Canucks Army Postgame: Kari Let one In (that counted) and Roberto Let Two In


There was a goal called off in the second period that perhaps shouldn’t have been, but nonetheless, the Vancouver Canucks offence was squelched in a loss to the Dallas Stars. The team has now dropped a game against every team in the former Pacific Division in the last 12 days. They scored six goals in those five games.

The result against Dallas was disappointing, but probably not indicative of the way the team played. The Canucks out-shot, out-possessed and out-chanced the Stars from beginning to end, but ran into a hot Kari Lehtonen, who played just as well as Antti Niemi and Frederik Anderson. The entire Nordic region seems to have the Canucks’ number, but thankfully when the Canucks play the Florida Panthers on Tuesday they’ll be seeing an American goalie… 

…Tim Thomas. Oh, hell. 2-1 the final at the Rog.


Valeri Nichushkin opened the scoring in the first period. That goal was a big of a sore spot for Vancouver fans, since Nichushkin was selected a pick after the Canucks took Bo Horvat at 9th overall in June. I’m somewhat reminded of a bit from Jim Robson’s book Hockey Play-By-Play. Robson recalled a game in Minnesota (the original location of the Stars franchise) where an 18-year-old Trevor Linden sniped a hat-trick in a game that “was to feature the top two picks in the previous June’s amateur draft: #1 Mike Modano of the North Stars versus the #2 selection, Trevor Linden of the Canucks. The only problem was that someone forgot to give Modano and the North Stars the script. The centreman had returned to junior hockey after he and Minnesota had been unable to come to terms on a contract, so the stage on this night belonged exclusively to the 18-year-old rookie, Linden.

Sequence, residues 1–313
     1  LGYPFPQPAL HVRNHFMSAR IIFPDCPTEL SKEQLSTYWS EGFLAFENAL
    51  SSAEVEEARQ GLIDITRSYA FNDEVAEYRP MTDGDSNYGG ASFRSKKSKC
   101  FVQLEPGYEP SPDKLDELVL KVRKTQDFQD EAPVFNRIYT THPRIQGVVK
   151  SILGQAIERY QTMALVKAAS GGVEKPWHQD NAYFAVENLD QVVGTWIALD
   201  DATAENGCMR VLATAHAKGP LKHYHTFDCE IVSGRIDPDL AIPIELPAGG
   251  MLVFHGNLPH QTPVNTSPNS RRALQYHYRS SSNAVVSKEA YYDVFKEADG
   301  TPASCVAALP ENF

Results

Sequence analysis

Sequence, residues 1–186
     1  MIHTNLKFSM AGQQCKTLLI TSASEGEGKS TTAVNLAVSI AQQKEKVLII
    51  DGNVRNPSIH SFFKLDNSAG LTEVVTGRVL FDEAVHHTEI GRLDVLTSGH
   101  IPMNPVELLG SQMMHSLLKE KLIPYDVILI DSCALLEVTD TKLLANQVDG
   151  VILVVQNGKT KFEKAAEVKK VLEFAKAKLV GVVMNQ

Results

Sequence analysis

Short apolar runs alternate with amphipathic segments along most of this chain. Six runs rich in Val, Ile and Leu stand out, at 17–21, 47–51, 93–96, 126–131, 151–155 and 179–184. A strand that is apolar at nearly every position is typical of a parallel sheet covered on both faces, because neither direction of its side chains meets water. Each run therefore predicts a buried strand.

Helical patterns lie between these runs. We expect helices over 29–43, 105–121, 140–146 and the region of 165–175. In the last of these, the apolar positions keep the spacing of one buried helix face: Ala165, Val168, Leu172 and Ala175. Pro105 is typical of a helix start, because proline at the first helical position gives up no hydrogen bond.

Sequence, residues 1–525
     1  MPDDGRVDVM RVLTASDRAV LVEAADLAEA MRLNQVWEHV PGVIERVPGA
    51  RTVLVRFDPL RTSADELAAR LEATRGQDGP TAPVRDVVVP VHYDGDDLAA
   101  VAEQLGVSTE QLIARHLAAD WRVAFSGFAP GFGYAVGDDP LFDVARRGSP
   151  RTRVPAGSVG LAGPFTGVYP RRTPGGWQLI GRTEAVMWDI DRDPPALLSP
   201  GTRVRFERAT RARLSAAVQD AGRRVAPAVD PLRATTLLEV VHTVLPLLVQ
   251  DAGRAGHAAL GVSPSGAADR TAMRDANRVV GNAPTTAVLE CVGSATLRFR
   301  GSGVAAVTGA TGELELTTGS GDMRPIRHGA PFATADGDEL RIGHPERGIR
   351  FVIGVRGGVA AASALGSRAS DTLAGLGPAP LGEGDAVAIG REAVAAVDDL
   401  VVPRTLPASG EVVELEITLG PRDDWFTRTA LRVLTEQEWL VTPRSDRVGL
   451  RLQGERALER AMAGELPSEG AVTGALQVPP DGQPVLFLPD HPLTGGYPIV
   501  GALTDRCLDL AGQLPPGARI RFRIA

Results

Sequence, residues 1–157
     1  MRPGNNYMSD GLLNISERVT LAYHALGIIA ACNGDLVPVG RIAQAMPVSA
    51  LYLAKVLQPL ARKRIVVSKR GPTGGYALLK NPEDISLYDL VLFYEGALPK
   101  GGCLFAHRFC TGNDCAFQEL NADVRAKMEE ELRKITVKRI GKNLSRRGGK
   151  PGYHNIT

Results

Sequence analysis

The final score was 7-6 for Minnesota. The buzz after the game wasn’t about the result, but about Linden. Jim remembers the media reaction the next morning: “The Minnesota papers second-guessed North Stars management, asking, ‘Did they get the wrong guy? Because our kid is back in junior and won’t sign and Vancouver’s pick looks great.”

Just because I know it’s going to be a topic of discussion tomorrow… Nichushkin has still exhibited some growing pains at the NHL-level, obviously. That play was mostly Tyler Seguin’s, who fended off a hit from Alex Edler behind the net to find a wide-open man in front. 1-0 Dallas.

The notable event of the second period was the no-goal call:

It’s not a particularly good call, but manages to weave its way into the narrative because the game was decided by a goal. It came right at the start of a powerplay, and is just another symptom of the bad luck the team has had with the man advantage to start the season. It’s right up there with posts, missed nets, and what-have-yous as Vancouver just can’t seem to match the amount of goals they’re getting with the amount of chances. Is finishing really a skill we can judge after 20 games? 

Lehtonen made an excellent save off of Kevin Bieksa on the next sequence:

At the start of the third period, down by a goal, the Canucks had a good shift that resulted in a two-on-one against, as two players got caught below the goal-line and the one forward that wasn’t, Henrik Sedin, is not as speedy as the young Cody Eakin, who feathered a nice pass across to Erik Cole, henceforth known as “Dallas David Booth”. Cole made no mistake, putting the Stars up 2-0.

Henrik scored a powerplay goal seconds later, but the Canucks weren’t able to generate any more goals in the third period. Their best chance came with ten seconds left in the game as a scramble gave Henrik another chance—the puck squirted free into the slot—Henrik ultimately couldn’t elevate the puck and that was the last attempt on goal the Canucks had.


Another game that helps the Canucks in the chase for the Corsi Cup playoffs, but doesn’t line up with the result on the ice. Corsi isn’t good for attempting to explain the past, but it does an admirable job of predicting the future considering hockey is an unpredictable game for the most part. The shooting and save percentages are hurting the Canucks lately more than play is, and while it’s discouraging to be getting losses because of some bad luck, it beats the hell out of them coming because of poor play.